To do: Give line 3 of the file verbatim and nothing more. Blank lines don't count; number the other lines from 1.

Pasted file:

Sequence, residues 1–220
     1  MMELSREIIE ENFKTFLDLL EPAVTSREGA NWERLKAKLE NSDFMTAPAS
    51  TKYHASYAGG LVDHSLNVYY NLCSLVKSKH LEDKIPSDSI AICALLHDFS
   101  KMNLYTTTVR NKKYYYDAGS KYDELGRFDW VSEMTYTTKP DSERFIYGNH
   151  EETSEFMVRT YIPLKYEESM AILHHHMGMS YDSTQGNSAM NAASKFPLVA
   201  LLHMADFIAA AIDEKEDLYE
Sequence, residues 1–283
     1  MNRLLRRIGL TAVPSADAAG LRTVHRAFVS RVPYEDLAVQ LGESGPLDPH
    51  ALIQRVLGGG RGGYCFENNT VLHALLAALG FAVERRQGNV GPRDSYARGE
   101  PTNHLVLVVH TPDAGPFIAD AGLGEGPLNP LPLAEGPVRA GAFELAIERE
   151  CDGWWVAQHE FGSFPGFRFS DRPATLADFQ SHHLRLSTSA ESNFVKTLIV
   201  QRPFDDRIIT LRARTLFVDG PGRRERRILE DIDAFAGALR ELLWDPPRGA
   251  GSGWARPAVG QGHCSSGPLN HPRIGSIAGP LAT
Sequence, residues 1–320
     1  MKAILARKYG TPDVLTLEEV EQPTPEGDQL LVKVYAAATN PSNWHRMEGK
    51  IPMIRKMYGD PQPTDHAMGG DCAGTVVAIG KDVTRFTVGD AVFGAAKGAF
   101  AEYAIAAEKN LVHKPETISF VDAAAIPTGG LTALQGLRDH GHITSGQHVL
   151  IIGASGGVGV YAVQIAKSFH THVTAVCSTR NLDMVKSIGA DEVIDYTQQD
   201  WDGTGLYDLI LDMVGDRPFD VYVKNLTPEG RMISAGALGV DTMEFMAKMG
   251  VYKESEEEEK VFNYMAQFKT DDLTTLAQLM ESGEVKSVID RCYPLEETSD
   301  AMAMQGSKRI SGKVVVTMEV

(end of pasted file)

    51  TKYHASYAGG LVDHSLNVYY NLCSLVKSKH LEDKIPSDSI AICALLHDFS